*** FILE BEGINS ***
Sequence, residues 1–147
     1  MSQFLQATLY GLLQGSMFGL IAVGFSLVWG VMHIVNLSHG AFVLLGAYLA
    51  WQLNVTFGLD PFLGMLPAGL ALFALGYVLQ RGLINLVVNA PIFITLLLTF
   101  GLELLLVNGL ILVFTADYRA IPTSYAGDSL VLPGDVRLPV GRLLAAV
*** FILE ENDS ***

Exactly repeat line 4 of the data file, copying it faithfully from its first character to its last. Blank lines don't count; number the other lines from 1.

   101  GLELLLVNGL ILVFTADYRA IPTSYAGDSL VLPGDVRLPV GRLLAAV